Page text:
Anna’s Blog – Scrapping the Vagrancy Act
In 1824, the Government passed ‘The Vagrancy Act’, which made homelessness, rough sleeping, and begging illegal and punishable by time in prison. The Act was implemented following the Napoleonic Wars in 1815, when returning soldiers were discharged and left without money or employment. This forced many people into sleeping rough or in makeshift camps in major cities, reliant on begging for survival. The Act was intended to remove people from the streets and discourage begging, but instead was used to criminalise people who had no alternatives.
Since the Act was passed, campaigners have fought to remove it from law. Hundreds of people have been arrested year-on-year under this law, with nearly 600 people arrested in 2020 alone. After years of pushbacks, the Government recently announced that they are set to scrap the Act in the upcoming Police, Crime, Sentencing and Courts (PCSC) Bill. This is obviously welcome news, but as the current rising homelessness levels indicate, there is still more to be done.
The amount of people becoming homeless or forced into rough sleeping has risen year on year in England since 2017. In 2018, the number of homeless households was approximately 207,600, and by the end of 2021, this figure rose to 227,000. True figures can’t be documented as rough sleeping counts will never be completely accurate, and the real number will be higher.
The pandemic has hit all of us hard, but especially those who were already only a few stages away from becoming homeless. With substantial job losses, rising cost of living crisis, and other factors, more and more people are having to turn to rough sleeping. According to a survey from housing charity Shelter and YouGov, almost 40% of UK households are only one paycheck away from potential homelessness.
Some people are also more likely to become homeless if they suffered trauma as a child. According to a 2021 study on adverse childhood experiences (ACEs), researchers found that around 89% of people who are homeless experienced at least once ACE, and around 54% experienced over four.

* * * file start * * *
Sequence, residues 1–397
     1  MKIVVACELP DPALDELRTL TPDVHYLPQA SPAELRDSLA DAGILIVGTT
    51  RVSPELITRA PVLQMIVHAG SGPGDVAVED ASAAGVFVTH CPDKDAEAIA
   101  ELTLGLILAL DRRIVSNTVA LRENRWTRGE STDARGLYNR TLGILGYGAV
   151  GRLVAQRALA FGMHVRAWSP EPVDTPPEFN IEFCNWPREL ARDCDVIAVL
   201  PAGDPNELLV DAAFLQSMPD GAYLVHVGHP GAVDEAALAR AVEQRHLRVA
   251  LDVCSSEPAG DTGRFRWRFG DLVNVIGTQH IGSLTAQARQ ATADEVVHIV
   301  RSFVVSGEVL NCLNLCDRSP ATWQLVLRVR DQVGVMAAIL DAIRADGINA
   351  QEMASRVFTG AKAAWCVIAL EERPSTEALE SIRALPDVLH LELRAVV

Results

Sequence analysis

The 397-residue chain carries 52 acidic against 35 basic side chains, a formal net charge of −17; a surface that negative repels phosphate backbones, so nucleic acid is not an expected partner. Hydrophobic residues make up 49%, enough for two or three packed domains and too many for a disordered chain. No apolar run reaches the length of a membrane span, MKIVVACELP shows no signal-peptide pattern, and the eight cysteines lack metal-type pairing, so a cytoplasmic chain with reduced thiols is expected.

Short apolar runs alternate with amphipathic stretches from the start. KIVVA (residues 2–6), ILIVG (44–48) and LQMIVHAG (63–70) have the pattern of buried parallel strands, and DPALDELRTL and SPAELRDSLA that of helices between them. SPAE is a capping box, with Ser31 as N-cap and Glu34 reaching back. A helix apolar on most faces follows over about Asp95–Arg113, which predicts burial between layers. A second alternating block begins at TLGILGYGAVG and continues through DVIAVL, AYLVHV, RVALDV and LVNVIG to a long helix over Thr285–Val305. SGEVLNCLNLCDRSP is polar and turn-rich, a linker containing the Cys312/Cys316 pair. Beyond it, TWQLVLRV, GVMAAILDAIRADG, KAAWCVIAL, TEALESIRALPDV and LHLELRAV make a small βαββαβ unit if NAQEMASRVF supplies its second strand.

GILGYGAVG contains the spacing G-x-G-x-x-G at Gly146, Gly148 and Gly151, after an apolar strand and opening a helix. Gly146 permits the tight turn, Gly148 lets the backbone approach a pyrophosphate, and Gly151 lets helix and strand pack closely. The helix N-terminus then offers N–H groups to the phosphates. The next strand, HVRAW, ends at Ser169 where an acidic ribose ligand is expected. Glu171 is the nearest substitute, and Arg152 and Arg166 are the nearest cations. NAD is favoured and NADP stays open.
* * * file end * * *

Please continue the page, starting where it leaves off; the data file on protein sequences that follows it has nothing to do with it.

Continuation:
The PCSC Bill is yet to be fully passed by Parliament, and as such it means that the details surrounding the Vagrancy Act remain somewhat unclear. In documents associated with the Bill, including its amendments from the House of Lords, it states that a police officer now has to consider “whether the person could be referred to public authorities or charitable or other persons, for help in addressing the problems that cause them to be involved in begging or sleeping rough.” This means that instead of immediately arresting someone for being on the streets, that they should instead be offered help and routes into further support.
This help is critical as many people who sleep rough experience poor physical and mental health, violence and trauma. According to the national homelessness charity Crisis, the average age of death for people experiencing homelessness is 45 for men and 43 for women. People sleeping on the street are almost 17 times more likely to have been victims of violence, and over one in three have experienced some form of violence whilst homeless. Homeless people are also nine times more likely to take their own life than the general population.
Homelessness is not a criminal activity, but a failing of society to protect vulnerable people from harm. Whilst we appreciate that the repeal of the Vagrancy Act is a step in the right direction, there is still more to be done to better support people who sleep rough or beg. It is our hope that repealing the Act will also go some way to lessening the stigma and shame surrounding homelessness, and will encourage further investment in early intervention and services for people who currently have no alternatives.
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